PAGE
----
A guest post by Sophie Valla
Lighting design can transform the perception of any space. It can render a three-dimensional sculpture, while focusing on restrictive parts of buildings or infrastructure. It can easily be combined with simple structure elements such as textiles or weightless material.
Urban Lighting in Public Spaces
A guest post by Sophie Valla
(Image © Marcus Koppen)
Light has always been a part of the urban experience and once represented modernity and progress. While urban lighting focused on retail and security, cities are now promoting more and more lighting design to generate alternative urban experiences in public spaces.
Last year, we were given the mandate to refurbish two abandoned gas stations at the entrance of the new Noorderpark in Amsterdam North. New light installations turned the derelict buildings into colorful structures.
The light installation under the flat roof is a special feature of the remodeled structures. Sixty textile panels made of the fabrics used in advertising banners were cut to various sizes. Each fabric panel was backlit by LED designs, programmed independently. The 60 fabric panels were combined with colorful spotlights in a giant puzzle, creating a 40x10 meter artificial sky.
The new roof offers a dynamic light animation lasting 30 minutes, and mimics shifting cloudy Dutch skies. Twenty fluctuating skies, inspired by nature but generated with technology, lead us through bright and stormy days from sunrise to sunset. The changing environment creates an artificial sky for the new public square.
Last winter we founded a collective, Sound and Light Act, with Sushelaa Sankaram and Leonard Roussel. Sound and Light Act is a flexible, collaborative network of creative architects, lighting and sound designers.
Together we presented a project in Berlin for the Festival of Lights, Resonanz, in Kreuzberg. Our project was supported by Arup Amsterdam.
Our installation, Resonanz, invited people into the courtyard of the Aufbau Haus, a multifunctional space hosting various cultural institutes and companies. Using light projections on big scale twists made out of textile, choreographed with projected sounds, an inner landscape for the building is created as an immersive environment for the visitors.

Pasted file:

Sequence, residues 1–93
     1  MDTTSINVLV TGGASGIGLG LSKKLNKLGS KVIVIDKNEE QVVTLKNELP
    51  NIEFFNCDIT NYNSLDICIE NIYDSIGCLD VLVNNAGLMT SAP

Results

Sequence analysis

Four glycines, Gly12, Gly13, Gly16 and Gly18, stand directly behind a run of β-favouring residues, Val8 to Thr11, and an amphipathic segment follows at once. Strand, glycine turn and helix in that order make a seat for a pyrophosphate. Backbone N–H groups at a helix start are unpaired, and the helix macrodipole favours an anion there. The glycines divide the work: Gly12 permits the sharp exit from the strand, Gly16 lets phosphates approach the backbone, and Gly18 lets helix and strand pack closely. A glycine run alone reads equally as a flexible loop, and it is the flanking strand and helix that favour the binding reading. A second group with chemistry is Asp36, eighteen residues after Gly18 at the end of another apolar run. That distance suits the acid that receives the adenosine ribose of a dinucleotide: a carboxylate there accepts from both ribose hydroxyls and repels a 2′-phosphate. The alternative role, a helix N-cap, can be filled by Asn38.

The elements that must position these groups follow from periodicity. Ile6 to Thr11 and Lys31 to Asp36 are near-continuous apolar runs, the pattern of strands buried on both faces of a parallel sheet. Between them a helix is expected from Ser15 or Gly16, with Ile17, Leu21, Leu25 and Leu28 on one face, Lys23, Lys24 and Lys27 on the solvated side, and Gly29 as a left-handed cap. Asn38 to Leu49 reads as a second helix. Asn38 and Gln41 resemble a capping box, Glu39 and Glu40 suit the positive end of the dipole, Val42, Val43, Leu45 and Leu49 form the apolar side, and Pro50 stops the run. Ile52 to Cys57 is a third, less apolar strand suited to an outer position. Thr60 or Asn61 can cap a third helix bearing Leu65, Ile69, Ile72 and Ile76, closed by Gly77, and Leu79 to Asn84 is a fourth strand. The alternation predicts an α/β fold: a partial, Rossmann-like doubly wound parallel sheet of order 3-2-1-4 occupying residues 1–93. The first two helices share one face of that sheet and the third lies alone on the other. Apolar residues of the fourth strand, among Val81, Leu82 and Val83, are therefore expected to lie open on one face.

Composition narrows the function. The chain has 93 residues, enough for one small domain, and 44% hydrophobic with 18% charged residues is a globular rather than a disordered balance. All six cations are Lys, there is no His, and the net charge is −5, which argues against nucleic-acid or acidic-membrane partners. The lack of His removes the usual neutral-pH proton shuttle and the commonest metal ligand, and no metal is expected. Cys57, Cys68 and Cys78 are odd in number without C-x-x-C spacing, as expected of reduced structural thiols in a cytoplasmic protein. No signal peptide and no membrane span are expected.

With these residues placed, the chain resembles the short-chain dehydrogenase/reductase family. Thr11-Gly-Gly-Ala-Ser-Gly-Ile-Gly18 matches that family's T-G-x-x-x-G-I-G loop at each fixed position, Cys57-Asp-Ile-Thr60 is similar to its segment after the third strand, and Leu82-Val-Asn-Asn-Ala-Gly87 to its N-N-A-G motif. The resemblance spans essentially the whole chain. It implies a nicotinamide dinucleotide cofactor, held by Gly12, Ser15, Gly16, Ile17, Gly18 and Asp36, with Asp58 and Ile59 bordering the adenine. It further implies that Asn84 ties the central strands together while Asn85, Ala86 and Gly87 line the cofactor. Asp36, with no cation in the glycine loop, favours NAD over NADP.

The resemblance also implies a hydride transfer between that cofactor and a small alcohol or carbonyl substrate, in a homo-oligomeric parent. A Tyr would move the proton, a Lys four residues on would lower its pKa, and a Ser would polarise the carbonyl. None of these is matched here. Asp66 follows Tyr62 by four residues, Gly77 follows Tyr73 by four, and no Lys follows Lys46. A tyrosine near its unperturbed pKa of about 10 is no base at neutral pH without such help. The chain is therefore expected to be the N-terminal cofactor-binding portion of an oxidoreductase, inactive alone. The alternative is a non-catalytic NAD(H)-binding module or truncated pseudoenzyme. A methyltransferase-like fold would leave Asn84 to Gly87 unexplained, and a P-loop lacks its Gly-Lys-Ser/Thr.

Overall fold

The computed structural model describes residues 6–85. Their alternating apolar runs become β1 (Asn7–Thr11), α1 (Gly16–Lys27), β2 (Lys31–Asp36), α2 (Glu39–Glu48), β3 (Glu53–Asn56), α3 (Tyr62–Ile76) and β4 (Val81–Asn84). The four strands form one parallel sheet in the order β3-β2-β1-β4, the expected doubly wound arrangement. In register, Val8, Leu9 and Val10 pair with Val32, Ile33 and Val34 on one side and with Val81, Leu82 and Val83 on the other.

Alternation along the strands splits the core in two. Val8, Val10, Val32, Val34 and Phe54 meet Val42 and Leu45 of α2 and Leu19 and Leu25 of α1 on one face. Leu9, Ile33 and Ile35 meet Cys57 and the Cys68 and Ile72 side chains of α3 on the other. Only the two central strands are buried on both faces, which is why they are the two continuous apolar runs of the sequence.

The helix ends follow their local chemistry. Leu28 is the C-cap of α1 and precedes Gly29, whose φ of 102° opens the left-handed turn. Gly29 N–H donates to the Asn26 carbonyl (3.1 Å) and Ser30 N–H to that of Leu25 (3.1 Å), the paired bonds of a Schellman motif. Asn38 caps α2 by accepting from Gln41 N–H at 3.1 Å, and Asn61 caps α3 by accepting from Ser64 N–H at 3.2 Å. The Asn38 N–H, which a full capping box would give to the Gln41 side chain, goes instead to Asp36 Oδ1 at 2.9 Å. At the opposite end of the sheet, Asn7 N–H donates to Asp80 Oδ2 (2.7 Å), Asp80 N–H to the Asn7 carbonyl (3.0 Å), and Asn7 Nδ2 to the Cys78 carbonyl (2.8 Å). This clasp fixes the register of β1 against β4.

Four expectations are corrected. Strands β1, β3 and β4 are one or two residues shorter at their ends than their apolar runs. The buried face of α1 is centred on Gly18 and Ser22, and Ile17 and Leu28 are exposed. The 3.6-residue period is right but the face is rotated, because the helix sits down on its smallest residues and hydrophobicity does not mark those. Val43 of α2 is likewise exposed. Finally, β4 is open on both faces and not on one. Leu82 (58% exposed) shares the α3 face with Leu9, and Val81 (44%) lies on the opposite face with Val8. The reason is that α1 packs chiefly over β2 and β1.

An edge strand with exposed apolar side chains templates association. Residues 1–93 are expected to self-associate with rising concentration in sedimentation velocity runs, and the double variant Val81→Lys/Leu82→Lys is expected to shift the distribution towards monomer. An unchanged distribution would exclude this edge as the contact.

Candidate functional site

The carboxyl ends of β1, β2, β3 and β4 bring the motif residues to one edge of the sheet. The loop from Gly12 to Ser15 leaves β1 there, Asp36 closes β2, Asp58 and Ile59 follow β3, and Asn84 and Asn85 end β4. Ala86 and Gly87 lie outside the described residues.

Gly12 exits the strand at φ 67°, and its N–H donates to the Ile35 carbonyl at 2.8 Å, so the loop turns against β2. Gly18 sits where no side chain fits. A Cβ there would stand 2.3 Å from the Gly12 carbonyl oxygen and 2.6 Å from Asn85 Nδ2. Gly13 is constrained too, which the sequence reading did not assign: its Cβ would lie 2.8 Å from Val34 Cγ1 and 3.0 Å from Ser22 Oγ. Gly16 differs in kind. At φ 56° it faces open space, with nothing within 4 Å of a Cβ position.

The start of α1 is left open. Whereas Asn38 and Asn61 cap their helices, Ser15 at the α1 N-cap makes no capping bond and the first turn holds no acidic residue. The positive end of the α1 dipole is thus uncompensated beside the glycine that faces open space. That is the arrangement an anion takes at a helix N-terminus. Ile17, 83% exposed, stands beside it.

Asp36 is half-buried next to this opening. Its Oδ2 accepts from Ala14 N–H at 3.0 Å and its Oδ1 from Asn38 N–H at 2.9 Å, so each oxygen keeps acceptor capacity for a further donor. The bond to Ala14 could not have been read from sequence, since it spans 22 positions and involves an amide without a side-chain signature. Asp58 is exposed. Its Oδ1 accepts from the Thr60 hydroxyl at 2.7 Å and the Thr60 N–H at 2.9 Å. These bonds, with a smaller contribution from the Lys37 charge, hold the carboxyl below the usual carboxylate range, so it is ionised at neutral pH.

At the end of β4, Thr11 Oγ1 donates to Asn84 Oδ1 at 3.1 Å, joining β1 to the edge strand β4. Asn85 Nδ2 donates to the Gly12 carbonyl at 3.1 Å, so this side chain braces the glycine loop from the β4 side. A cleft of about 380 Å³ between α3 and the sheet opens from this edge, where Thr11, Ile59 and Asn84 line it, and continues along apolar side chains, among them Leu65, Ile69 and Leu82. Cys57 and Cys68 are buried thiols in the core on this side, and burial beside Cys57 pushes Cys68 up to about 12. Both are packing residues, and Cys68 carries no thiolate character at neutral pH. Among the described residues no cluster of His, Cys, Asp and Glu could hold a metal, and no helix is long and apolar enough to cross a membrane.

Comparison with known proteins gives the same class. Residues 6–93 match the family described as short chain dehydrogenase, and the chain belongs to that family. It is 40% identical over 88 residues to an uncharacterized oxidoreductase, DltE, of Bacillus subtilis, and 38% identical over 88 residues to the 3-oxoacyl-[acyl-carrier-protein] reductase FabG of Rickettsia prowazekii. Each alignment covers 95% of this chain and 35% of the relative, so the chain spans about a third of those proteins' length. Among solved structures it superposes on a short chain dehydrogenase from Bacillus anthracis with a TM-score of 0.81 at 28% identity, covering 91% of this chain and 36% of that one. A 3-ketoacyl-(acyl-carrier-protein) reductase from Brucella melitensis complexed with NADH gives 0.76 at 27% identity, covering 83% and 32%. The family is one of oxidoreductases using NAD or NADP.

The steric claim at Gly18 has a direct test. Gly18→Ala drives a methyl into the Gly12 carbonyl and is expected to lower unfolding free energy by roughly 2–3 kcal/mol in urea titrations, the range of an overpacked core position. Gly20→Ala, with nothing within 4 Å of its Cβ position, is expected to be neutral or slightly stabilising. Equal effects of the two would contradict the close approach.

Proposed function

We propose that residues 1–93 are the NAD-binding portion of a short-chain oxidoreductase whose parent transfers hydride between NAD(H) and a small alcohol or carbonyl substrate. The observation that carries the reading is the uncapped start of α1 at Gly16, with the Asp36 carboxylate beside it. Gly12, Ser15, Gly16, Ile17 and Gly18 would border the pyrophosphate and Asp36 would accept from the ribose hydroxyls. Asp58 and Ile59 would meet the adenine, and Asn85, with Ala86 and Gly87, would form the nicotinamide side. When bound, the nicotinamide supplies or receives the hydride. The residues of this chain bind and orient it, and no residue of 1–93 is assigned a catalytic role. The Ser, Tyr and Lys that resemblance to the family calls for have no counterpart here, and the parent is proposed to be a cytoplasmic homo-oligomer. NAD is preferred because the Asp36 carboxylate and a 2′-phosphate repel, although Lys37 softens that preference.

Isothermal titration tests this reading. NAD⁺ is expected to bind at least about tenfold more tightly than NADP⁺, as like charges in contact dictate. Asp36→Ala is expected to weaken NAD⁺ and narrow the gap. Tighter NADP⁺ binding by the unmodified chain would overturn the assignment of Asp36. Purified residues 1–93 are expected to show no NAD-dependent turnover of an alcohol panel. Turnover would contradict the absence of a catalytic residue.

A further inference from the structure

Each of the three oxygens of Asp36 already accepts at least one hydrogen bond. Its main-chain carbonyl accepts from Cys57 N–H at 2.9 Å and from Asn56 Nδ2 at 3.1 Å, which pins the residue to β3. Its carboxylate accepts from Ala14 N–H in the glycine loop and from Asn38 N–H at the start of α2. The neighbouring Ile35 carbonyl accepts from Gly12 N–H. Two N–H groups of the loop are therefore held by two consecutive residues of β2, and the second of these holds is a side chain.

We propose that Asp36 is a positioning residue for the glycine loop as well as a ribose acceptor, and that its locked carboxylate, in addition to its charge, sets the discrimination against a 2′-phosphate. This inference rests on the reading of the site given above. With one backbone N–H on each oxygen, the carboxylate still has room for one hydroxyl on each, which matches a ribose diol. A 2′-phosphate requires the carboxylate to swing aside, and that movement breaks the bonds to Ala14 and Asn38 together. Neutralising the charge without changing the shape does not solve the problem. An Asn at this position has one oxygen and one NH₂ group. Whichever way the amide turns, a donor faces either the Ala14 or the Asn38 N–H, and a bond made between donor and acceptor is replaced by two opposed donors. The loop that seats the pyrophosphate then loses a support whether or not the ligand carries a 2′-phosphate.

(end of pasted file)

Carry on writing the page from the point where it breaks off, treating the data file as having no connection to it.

The textiles are cut in a pattern reminiscent of musical notation, and suspended in the courtyard to become three-dimensional shapes. They engage the space at all levels, reconfiguring the areas under the existing bridges.
Light and sound are composed in overlapping sequences, in a form representative of a musical canon that varies in intensity, speed, color and density. The light animation generates strong shadows on the ground and reflections in the curtain wall that transform the perception of the strictly defined architecture.
The building is dematerialized as the glass, concrete, and metal surfaces become projection surfaces.
Street Score by Sound and Light Act - La Fête des lumières, Lyon, 6th-10th December in Passage Thiaffait
Here we decided not to program any of the light features. Instead we ourselves built screens (a painful mechanical lesson!) that permanently rotate around cylinders, thanks to small motors. The cut out patterns, recalling the silk Jacquard cupboards (created in Lyon) project shadows in movement on the floor.
Light, which is diffused through hanging openwork textiles and combined with a soundscape, plunge you into a world of patterns and sounds in perpetual movement.
I believe that the future of light doesn’t lie exclusively in new technologies but in its use. To create an interesting light installation, it might be more important to react to the specific site and its spatial qualities. I’m also fascinated by simple phenomena, like ‘moiré’ effects, shadow’s generation, movement in front of the light sources… How can one amplify these phenomena and how can one suggest a spatial illusion?
What excites me is the invasion of light in all disciplines, from fashion to medical care.
I hope that infrastructure such as subways or halls for supermarkets will obtain proper lighting, and instead of having a row of oppressive lighting, visitors would get to experience light beams as beautiful as the sun shining through a tree after the rain!